The Duncan Banner

March 28, 2014

Legislative goals crucial to priorities in education

Sherry Labyer
Duncan Schools Superintendent

DUNCAN — I am a member of several professional organizations where I attend regular meetings, network with colleagues, and stay abreast and informed on education best practices.  The Cooperative Council for Oklahoma School Administration, better known as CCOSA, is a nonprofit organization that establishes close and continuous communication and cooperation between educators, taxpayers, and legislators to improve the effectiveness of professional school administrators and to communicate the needs of schools. Attendance this time of year is especially critical because legislators are in session.

CCOSA works cooperatively to set legislative goals that help us stay focused and engaged in the legislative process. Here are our  legislative goals:

* Restore per pupil funding to pre-recession levels, putting an end to the moratorium on accreditation standards and allowing for successful implementation of other state mandated initiatives.  

* Recruit and retain high quality teachers by ensuring educators have a defined benefit at retirement and increasing teacher pay to outpace states in our region.

* Support efforts that result in pension debt remaining an obligation of the State of Oklahoma.

* Support efforts to stop the Legislature’s continual erosion of local tax revenues that support schools.  

* Seek an accountability system that is statistically sound; It must be relevant to students, parents, and educators and fully represent the complexity of educating all students.

* Support uniform application of accountability measures and standards to any Oklahoma school receiving financial support from state revenues.

* Endorse effective, efficient, and relevant student testing that aligns the exit standards of common education with the entrance standards of higher education and the work force.  Student assessments must provide modified opportunities for students on individualized education plans (IEP).

* Improve student achievement by making proper use of assessments designed to accurately measure student growth.  Educators seek to require the Oklahoma State Department of Education to return student assessment data to districts no later than Aug. 1 each school year.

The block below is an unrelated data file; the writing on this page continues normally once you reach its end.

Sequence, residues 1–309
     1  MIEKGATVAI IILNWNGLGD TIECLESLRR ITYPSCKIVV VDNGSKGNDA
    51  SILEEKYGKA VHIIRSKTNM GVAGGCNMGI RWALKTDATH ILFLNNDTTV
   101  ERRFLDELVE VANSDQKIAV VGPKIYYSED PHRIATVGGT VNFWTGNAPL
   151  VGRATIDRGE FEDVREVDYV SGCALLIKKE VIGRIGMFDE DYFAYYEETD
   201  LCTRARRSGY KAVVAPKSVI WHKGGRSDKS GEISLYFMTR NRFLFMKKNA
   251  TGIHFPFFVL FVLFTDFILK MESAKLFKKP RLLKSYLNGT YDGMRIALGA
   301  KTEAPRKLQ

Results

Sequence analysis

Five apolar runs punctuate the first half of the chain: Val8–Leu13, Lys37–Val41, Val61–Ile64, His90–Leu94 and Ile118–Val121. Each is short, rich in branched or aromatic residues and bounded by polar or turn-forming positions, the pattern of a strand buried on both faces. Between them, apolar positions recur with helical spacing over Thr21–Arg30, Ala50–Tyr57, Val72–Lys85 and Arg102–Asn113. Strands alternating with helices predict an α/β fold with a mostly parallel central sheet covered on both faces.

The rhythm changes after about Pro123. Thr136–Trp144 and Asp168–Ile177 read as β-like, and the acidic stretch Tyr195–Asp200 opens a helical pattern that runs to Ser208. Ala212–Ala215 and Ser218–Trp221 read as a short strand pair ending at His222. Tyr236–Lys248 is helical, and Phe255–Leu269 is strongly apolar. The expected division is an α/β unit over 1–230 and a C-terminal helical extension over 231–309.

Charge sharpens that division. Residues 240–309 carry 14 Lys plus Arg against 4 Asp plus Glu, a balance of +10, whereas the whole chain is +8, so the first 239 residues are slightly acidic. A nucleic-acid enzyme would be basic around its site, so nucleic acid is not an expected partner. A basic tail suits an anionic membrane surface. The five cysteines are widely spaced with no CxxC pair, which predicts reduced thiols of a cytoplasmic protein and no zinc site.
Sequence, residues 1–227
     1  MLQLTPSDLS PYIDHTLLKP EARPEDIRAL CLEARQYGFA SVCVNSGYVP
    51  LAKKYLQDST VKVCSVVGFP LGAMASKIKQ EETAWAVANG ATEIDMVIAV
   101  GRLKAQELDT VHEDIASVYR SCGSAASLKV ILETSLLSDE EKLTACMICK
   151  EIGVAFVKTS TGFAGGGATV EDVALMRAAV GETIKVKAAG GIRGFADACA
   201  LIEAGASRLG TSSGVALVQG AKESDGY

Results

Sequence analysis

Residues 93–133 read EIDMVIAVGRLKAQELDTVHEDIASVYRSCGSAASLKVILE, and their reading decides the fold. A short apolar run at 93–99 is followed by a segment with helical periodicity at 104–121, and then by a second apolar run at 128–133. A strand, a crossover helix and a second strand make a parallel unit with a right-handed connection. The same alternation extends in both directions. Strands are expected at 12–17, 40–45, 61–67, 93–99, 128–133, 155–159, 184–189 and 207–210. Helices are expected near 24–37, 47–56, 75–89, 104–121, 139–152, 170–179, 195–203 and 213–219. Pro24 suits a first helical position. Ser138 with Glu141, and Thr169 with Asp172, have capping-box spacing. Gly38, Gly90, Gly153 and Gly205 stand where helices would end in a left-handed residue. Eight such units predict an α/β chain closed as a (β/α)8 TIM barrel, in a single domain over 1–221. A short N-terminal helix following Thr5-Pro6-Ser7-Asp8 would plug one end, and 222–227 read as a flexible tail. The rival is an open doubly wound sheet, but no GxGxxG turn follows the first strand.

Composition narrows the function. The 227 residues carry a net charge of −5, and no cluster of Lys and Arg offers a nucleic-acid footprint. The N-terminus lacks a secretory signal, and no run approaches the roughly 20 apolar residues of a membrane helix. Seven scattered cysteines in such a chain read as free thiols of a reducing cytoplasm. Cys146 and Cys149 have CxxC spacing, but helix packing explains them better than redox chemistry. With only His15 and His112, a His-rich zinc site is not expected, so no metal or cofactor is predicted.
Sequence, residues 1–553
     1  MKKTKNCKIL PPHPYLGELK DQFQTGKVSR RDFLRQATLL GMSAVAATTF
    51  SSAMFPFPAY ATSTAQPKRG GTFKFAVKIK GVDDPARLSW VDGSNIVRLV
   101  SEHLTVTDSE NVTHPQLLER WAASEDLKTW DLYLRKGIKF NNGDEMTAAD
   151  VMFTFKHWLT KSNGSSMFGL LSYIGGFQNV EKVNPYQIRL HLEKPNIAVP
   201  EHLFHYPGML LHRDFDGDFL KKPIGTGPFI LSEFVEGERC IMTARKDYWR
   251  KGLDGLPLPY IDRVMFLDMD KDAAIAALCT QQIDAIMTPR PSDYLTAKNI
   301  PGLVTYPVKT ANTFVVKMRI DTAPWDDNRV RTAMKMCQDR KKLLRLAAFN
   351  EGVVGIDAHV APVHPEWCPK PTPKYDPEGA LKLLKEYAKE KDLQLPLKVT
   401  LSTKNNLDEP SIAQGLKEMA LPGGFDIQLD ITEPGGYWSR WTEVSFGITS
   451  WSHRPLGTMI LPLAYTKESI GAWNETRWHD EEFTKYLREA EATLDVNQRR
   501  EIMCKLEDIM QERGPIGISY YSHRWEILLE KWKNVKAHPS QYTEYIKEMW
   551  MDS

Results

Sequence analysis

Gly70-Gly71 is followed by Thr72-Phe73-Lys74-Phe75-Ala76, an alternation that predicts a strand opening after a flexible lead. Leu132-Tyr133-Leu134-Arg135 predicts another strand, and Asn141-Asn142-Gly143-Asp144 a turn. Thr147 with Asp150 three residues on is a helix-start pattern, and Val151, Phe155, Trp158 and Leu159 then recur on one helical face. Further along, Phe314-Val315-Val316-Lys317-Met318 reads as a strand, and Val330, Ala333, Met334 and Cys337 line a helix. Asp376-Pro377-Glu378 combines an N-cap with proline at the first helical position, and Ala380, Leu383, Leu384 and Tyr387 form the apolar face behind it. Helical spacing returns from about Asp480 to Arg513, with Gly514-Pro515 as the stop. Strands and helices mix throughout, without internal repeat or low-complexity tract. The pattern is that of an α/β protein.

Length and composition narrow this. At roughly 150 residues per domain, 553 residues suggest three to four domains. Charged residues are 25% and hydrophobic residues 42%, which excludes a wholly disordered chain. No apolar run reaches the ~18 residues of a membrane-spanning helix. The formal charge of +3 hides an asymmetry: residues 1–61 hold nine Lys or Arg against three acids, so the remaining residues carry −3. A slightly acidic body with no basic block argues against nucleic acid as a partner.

* Support efforts which allow local boards of education to issue the final decision in all matters of high stakes decisions, including but not limited to third grade retention, graduation requirements, and employment matters.

* Change to state certification requirements that will maintain high standards for teachers, while enabling additional qualified persons to fill vacancies in general and special education classes.  

* Amend the current A-F accountability system to provide an exception to the cohort four-year high school graduation penalty when a student’s IEP team determines it necessary to extend the student’s graduation date as well as to eliminate penalties anticipated as the result of the State Department of Education’s elimination of the Oklahoma Modified Assessment Program (OMAAP).  

* Seek legislation to establish a university-affiliated research and treatment facility with day school and residential options designed for students with autism spectrum disorders that, due to significant self-injurious and/or physically aggressive behaviors, need placement outside of the local school district, and including a training component for university students, school personnel and parents.  

* Support a requirement for four units of mathematics at the high school level with the fourth unit of math being designed locally to meet the needs of each student.  

My colleagues and I attend a monthly legislative briefing on the progress of our goals and  legislation.  If you have questions, please do not hesitate to call me.